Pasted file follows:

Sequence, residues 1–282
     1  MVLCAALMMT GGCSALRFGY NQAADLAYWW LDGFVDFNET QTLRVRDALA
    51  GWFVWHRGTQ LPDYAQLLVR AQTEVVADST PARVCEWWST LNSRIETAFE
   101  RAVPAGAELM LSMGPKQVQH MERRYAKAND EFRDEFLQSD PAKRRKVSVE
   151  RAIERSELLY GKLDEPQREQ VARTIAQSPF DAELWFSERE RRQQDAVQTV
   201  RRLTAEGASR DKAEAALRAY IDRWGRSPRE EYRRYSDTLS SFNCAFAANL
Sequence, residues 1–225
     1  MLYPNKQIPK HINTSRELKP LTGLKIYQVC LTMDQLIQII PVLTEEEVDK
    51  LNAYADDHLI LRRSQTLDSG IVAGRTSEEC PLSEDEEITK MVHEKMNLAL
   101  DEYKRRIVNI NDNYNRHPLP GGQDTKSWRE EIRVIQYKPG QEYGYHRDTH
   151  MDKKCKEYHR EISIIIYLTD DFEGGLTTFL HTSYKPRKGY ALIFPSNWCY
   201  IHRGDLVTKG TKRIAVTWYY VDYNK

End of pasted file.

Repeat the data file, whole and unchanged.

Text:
Sequence, residues 1–282
     1  MVLCAALMMT GGCSALRFGY NQAADLAYWW LDGFVDFNET QTLRVRDALA
    51  GWFVWHRGTQ LPDYAQLLVR AQTEVVADST PARVCEWWST LNSRIETAFE
   101  RAVPAGAELM LSMGPKQVQH MERRYAKAND EFRDEFLQSD PAKRRKVSVE
   151  RAIERSELLY GKLDEPQREQ VARTIAQSPF DAELWFSERE RRQQDAVQTV
   201  RRLTAEGASR DKAEAALRAY IDRWGRSPRE EYRRYSDTLS SFNCAFAANL
Sequence, residues 1–225
     1  MLYPNKQIPK HINTSRELKP LTGLKIYQVC LTMDQLIQII PVLTEEEVDK
    51  LNAYADDHLI LRRSQTLDSG IVAGRTSEEC PLSEDEEITK MVHEKMNLAL
   101  DEYKRRIVNI NDNYNRHPLP GGQDTKSWRE EIRVIQYKPG QEYGYHRDTH
   151  MDKKCKEYHR EISIIIYLTD DFEGGLTTFL HTSYKPRKGY ALIFPSNWCY
   201  IHRGDLVTKG TKRIAVTWYY VDYNK